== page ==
A love letter to Abidjan, courtesy of Jad Fardon and his new fashion brand Awale


For Jad Fardon’s latest Awale collection, ETE89 (Summer 89 – the year he was born) he takes us back to his Abidjan birthplace. Of Lebanese descent, Fardon spent his formative years in the city, before moving to Beirut, then Dakar and more recently Paris. But his heart still belongs to Côte d'Ivoire, and seeps through this campaign shoot, which conjures up the halcyon days of his youth. “In Abidjan, summer lasts all year long,” he says. “I was raised in the central Le Plateau district that swarms with people 24/7. Men and women rush from one appointment to another, stopping on a corner for a drink, or to hear the latest news on a waiter’s radio.” They do all of this, in this new vision, while wearing his minimalist, comfortable clothes. Clean shirts, sporty shorts, logo vests and A-line skirts are as simply refreshing as a frozen bissap juice.

It was while studying architecture that Fardon succumbed to his natural interest in West African craftsmanship. He spent time with artisans “to understand their traditional know-how, with its codes, tools and techniques,” and first developed a t-shirt line. Following his graduation in 2015, he went back to Abidjan for a year to establish a studio, team and local manufacturing infrastructure. He sources cotton exclusively from Korhogo in the north, which is hand-spun by women, then handwoven by men. For textile dying and metal casting, he works with experts in Grand-Bassam to the south, and silk prints, leatherwork and tailoring are all done back in the capital.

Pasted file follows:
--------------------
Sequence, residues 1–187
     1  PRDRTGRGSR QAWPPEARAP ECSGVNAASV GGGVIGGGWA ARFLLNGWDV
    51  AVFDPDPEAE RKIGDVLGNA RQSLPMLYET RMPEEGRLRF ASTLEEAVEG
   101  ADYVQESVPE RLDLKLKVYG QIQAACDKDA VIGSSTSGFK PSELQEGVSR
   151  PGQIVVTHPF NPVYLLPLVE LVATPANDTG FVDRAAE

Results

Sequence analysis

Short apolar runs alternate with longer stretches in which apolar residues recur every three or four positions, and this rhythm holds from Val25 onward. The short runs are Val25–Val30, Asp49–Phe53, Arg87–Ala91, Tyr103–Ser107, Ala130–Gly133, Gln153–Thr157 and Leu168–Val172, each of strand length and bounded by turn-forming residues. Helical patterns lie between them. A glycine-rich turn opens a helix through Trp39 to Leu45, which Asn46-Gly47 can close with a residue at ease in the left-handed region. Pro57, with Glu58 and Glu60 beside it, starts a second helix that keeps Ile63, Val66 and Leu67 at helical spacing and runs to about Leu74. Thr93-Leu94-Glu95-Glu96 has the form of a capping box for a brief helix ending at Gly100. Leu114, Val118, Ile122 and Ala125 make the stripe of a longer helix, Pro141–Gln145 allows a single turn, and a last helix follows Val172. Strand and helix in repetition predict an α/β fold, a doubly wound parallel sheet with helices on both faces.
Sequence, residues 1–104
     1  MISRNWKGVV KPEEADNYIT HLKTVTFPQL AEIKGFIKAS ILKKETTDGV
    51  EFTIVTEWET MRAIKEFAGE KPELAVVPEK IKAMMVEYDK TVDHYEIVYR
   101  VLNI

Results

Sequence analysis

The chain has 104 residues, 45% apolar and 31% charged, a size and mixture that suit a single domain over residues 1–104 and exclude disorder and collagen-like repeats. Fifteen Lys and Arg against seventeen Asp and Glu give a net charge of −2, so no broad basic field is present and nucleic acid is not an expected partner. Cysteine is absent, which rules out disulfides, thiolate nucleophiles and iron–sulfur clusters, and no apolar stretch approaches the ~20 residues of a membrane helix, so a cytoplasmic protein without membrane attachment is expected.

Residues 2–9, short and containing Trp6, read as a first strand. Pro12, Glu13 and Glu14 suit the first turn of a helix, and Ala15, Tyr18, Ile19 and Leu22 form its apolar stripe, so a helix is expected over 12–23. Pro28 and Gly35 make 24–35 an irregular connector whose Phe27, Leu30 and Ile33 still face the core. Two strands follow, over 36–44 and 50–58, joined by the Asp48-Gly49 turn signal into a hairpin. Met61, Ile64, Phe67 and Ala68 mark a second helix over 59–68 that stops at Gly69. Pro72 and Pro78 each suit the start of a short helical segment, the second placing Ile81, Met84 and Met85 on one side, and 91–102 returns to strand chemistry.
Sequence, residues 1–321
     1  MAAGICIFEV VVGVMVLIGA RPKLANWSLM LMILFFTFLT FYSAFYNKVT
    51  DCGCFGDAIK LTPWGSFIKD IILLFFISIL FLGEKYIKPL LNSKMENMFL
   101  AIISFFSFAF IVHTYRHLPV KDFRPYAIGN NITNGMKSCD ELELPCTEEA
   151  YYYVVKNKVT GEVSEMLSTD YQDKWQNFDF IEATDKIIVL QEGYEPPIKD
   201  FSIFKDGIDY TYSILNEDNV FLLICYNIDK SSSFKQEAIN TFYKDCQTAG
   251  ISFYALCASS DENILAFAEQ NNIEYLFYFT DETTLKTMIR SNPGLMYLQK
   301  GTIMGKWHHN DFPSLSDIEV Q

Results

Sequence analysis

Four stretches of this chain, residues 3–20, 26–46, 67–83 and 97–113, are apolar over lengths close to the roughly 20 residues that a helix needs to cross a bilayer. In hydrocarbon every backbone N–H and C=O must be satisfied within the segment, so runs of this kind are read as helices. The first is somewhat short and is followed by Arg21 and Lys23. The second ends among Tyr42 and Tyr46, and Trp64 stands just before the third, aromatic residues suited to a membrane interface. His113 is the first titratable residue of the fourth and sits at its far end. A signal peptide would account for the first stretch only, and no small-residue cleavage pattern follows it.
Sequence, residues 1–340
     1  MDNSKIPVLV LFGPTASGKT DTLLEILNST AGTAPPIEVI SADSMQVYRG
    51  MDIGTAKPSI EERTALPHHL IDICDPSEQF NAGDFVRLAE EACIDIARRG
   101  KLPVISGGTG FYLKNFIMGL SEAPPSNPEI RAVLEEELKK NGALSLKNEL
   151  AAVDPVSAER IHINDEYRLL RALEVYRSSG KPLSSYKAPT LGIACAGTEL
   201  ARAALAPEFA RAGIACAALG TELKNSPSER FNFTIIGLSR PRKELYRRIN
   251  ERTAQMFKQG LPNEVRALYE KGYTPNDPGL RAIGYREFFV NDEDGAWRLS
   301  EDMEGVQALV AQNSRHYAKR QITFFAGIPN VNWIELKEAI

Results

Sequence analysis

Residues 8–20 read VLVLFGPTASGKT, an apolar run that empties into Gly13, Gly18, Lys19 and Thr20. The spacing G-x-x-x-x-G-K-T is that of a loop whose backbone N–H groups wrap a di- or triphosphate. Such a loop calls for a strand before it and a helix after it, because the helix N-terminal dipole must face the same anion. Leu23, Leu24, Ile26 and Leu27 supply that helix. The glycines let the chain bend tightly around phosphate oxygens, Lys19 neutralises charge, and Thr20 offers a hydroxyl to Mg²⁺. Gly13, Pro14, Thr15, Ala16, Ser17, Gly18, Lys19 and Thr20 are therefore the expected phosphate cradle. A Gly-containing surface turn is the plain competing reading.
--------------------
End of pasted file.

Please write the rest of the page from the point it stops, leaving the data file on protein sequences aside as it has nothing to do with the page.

Awale - which means ‘love one another’, or is a popular African board game, depending on whom you ask - launched with the first official collection Blockhaus in early 2017. And now ETE89 further asserts his love affair with his first home. “I can't really explain it, it is a feeling. Abidjan is the place where I observed everything, developed my sense of style and creativity,” he says. “I have the dream that Awale studio will someday become one of the first big made in Africa houses, known and worn worldwide. I am part of a generation that will have a big impact on what African arts and design will be tomorrow… like a wave, a movement.”

“A day in Abidjan should start with a walk around Treichville market looking for fabrics, pieces of art and other little treasures, all the while eating gbofloto, the local sugar donut. Have a lunch of fresh fish at Espace Mima, a maquis (local restaurant) by the laguna. Then visit Fondation Donwahi to discover new artists from Africa. By the end of the day, have an apero at BAO café, and finally go to Kajazoma for one of the best dinners in town in an art gallery setting.”

Words Helen Jennings
Visit Awale

Published on 27/06/2017